Jesus, knowing the man’s thoughts, said to him, “Simon, I have something to tell you.” “Tell me, teacher,” he said. Jesus, then, proceeded to tell him a parable. A parable, as you remember, is a story using everyday events to teach a spiritual truth. Jesus said, “Two men owed money to a certain moneylender. One owed him five hundred denarii, and the other fifty. Neither of them had the money to pay him back, so he canceled the debts of both. Now which of them will love him more?” Two men owed money. A denarius was a day’s wages. One man owed fifty denarii and another five hundred. One might say that the one was in far worse shape than the other. Neither of the two men could pay their debt, so, out of the goodness of his heart, the moneylender canceled the debt of both men. Jesus was teaching Simon and us a very important point here.

The moneylender in this parable is God. The people that owe money is every person on this earth, who has ever lived or will ever live, including you and me. What is owed is not money. Rather, our debt is our sins. Jesus is teaching us in this parable not to look down on other people because of their sins. Everyone can look down on someone else and feel superior to them because of the way that they live their lives. We all can find someone that we feel superior to. However, God tells us that, if we are going to compare ourselves to anything, we are to compare our lives with the standards of God’s law.

When we compare ourselves to God’s law, we quickly find that we are not as perfect as we like to think that we are. God tells us to have clean hearts and lives. That is his standard that he demands of us. However, we see so much dirt accumulating in the corners. For example, we find sinful thoughts running through our minds. There is the angry thought that we have about someone else. Over there is the lustful thought. Here is the thought of not being content with what God has given us. We owe God a great debt because of our sins. God tells us to be perfect, just like he is perfect. We owe God a great debt because of our sins.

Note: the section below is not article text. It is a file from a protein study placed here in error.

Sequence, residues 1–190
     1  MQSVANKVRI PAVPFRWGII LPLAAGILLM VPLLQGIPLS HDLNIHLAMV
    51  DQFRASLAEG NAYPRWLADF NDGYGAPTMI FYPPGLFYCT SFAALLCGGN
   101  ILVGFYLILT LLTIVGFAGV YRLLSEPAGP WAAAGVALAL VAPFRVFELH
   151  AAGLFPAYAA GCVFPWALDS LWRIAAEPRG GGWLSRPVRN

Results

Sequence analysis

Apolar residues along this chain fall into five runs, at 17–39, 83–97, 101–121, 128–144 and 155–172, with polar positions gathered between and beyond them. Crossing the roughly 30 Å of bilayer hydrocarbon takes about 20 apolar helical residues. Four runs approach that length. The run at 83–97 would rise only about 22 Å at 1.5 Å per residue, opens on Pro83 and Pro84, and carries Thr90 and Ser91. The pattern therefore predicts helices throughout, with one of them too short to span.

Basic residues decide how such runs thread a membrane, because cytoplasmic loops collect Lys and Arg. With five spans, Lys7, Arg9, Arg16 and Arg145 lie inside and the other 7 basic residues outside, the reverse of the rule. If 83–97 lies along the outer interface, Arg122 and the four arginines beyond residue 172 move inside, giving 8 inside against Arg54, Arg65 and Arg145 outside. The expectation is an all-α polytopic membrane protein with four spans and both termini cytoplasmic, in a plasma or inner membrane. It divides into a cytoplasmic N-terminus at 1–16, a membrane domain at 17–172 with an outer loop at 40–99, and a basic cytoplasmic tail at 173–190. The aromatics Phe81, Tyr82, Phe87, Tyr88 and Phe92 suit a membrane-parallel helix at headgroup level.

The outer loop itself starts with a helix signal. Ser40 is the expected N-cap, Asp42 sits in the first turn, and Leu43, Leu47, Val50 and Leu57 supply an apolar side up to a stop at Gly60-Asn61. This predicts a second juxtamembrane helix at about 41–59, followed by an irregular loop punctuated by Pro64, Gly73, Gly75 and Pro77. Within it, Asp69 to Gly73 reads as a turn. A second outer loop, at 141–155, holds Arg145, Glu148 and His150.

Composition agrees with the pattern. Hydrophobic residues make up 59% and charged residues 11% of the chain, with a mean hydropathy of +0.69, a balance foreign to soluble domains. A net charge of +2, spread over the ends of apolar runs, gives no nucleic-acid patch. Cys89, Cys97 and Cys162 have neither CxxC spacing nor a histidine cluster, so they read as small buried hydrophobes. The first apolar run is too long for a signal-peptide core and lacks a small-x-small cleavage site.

That is why God doesn’t want us to compare our lives with others. It is like being in line at a movie theater. As you glance up at the admission price, you realize that you don’t have enough. It doesn’t matter if you are 25 cents short or $3 short or if you forgot your money all together. The result is the same. You will not be admitted into the theater. In the same way, if you were to stand before the gates of heaven and did not live a perfect life in thought, word and action 100% of the time, you could not enter. Every one of us deserves to be turned away from the gates of heaven to the fires of hell. Every one of us must acknowledge the fact that our debt of sin to God is great and that we deserve nothing from him, but punishment for those sins.

The woman realized this. She had come to Jesus in repentance. How beautiful in her ears these words must have sounded, “Jesus said to her, ‘Your sins are forgiven.’” What joy must have filled her heart to hear Jesus tell her that her sins were forgiven. She had been in the depths of sorrow, but, now that was replaced with the sunshine of Jesus’ forgiveness. Jesus told her, “Your faith has saved you; go in peace.” Her faith in Jesus had saved her, because it reached out and accepted the gift of forgiveness that Jesus offered to her. Her faith in Jesus gave her the comfort of soul that she longed for. This is the peace that Jesus spoke of. She could go about in her life, confident in the fact that her debt before God had been paid in full.

When those who seated at the dinner table heard Jesus, they questioned one another, “Who is this that even forgives sins?”. They were asking, ‘Who does he think he is to forgive sins? What gives him the right to forgive sins?’.